River Reverie

On that score: The grilled-chicken Caesar salad ($7.95) that witnessed my journey to the dawn of the Reagan era, though topped with a decent chicken breast (tender, char-grilled, and served still-hot), featured goopy, thickener-filled dressing, silver-dollar-size croutons topped with melted snakes of cheese, and repellent refrigerator-mushy slices of roma tomatoes. (Why does a Caesar salad need tomatoes at all, never mind spoiled tomatoes?) And the Caesar was far superior to the Mandarin salad ($7.95), which had oranges, bacon, almonds, and a sickly-sweet dressing, or the Braeburn apple and butternut squash salad ($7.25), which I wouldn't even mention in polite company. It arrived without any dressing whatsoever, and the nice candied walnuts couldn't hide the old-tasting gold beets and squash.

I didn't fare any better with the cooked dishes. An appetizer of walleye fingers ($6.95) was nearly tasteless. A barbecued-duck quesadilla ($6.50) had a reasonably tasty filling sequestered in tortillas the texture of paper plates left out in the rain. The chicken with puff pastry ($8.95) tasted like a TV dinner. The menu's priciest item, the almond-crusted walleye ($12.95), was greasy, but came with some good mashed potatoes. The next time I'm at the River Room--and there most assuredly will be a next time, because the enchanting decor and easygoing staff make me want to move in and stay indefinitely--I'll just stick to the sweet, creamy wild rice soup ($3.50) or a burger with fries ($6.75) and ice cream.

Actually, let me revise that. The next time I'm at the River Room, I think I'll just double-fist ice-cream drinks and drink-drinks, in the hope that more secrets of childhood will be revealed. I hadn't thought about It's a Living since fifth grade, when I transformed myself into a math-team nerd and whiled away the next couple of years with a lot of boys who were forever breaking their eyeglasses. Which restaurant will reveal what the rocket kids watched on television? Stay tuned.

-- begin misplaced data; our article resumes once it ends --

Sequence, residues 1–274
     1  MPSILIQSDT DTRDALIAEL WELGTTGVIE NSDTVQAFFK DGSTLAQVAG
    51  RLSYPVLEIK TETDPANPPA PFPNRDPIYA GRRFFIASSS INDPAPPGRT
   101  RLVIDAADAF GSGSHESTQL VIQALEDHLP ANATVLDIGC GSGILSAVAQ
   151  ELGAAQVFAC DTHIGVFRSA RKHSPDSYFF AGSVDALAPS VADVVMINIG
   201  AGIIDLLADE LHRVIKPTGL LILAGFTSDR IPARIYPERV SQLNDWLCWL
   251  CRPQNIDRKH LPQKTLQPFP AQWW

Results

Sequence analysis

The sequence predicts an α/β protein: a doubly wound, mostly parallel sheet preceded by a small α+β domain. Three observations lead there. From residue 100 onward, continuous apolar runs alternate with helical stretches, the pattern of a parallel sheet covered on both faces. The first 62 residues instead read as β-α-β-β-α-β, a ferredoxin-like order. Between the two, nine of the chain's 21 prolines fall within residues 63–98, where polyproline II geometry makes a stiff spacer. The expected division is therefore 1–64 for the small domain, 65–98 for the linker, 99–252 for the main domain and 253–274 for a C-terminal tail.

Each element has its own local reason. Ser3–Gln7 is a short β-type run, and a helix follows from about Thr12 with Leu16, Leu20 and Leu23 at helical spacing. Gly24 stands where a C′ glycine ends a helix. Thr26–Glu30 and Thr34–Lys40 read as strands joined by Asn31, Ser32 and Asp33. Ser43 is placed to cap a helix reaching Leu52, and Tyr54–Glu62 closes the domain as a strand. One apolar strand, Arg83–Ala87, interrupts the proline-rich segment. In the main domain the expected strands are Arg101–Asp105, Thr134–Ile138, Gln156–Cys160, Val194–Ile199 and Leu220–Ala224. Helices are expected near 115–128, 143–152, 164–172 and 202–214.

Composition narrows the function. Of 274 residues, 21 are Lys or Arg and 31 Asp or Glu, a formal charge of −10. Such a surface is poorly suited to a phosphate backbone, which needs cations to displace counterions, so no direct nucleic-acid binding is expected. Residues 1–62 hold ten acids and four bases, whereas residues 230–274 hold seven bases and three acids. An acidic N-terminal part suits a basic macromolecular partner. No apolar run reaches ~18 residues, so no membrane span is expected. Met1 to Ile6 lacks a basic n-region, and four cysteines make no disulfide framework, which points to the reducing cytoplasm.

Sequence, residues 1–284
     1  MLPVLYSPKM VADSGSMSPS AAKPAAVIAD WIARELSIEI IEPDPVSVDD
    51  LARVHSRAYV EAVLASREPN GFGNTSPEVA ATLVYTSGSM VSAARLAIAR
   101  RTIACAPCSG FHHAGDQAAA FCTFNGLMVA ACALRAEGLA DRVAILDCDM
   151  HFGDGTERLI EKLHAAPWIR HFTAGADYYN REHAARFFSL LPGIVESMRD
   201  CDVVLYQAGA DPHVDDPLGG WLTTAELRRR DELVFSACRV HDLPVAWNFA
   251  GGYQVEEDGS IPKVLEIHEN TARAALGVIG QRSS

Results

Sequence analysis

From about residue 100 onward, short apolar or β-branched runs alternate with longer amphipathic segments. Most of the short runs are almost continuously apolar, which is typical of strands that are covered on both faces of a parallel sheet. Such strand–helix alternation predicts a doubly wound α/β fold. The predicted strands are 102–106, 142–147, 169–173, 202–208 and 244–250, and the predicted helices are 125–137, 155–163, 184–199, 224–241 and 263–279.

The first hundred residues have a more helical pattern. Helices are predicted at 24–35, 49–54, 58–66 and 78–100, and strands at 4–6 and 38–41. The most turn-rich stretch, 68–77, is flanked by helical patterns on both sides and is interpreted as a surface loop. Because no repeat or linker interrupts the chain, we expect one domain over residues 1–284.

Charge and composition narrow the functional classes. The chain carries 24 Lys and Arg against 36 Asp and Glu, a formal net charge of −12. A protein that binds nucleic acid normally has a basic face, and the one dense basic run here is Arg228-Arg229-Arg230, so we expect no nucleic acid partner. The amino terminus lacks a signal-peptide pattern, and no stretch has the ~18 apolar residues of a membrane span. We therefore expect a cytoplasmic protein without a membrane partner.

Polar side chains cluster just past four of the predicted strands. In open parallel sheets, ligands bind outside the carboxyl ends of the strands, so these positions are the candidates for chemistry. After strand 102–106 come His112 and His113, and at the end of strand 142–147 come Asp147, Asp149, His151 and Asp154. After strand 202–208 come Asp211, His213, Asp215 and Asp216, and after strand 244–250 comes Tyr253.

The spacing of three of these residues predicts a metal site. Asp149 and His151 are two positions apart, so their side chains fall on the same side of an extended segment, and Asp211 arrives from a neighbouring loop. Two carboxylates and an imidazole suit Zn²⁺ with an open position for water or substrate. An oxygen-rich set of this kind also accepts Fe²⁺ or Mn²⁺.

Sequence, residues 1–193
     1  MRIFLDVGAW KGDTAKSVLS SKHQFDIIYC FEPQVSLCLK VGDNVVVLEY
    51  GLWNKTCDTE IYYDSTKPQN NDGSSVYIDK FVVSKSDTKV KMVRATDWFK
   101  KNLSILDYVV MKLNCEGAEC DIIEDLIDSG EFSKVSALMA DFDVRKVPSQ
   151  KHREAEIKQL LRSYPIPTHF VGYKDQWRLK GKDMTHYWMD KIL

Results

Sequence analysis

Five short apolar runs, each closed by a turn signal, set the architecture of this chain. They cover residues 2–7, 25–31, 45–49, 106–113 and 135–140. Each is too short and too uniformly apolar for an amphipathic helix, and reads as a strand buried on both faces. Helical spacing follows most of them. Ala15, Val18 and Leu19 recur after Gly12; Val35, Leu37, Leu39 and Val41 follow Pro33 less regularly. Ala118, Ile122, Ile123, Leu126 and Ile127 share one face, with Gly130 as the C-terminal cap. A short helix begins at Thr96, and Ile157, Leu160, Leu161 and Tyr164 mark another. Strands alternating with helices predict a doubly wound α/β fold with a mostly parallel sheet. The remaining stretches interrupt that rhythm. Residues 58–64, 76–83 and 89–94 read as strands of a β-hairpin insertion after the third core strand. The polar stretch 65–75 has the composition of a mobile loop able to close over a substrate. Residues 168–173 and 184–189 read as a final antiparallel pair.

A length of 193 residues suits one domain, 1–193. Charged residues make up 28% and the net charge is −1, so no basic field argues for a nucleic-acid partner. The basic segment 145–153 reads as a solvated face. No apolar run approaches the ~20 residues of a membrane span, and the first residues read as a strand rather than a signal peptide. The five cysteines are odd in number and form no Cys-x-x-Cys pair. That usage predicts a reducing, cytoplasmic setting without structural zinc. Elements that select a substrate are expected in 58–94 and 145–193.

Diana Watters



THE PIZZA CONNECTION: You know that oft-touted stock-market-hemline correlation according to which stock prices are supposed to soar when miniskirts rise, and bull markets follow hemlines below the knee?

Well, McSweeney's (www.mcsweeneys.net), the Internet magazine brought to you by the previous editor of now-defunct hipster mag Might, has come up with a much eerier, more contemporary way of correlating the uncorrelatable: Domino's Pizza consumption. Somehow they got Domino's PR people to provide sales figures for key dates in recent history. Their findings? On the day Augusto Pinochet was arrested in London, Americans felt "conflicted as Spain imposed its law, perhaps not quite legally, upon the deposed dictator from Santiago. While we gave the matter some thought on October 17, we phoned Domino's--and sales shot up 5.8 percent over those of a typical Saturday." The 60 Minutes broadcast of Dr. Kevorkian's assisted suicide got people hungry--sales up 6 percent! When Frank Sinatra died, pizza sales zoomed up 12.1 percent! Thinking that anybody's tragedy is Domino's triumph? Not necessarily. Consider the poetic justice evident in the fact that when abortion provider Barnett Slepian was murdered in his home in Buffalo, Domino's--which is owned by pro-life funder Tom Monaghan--saw a 3.2 percent slump compared with ordinary Fridays.

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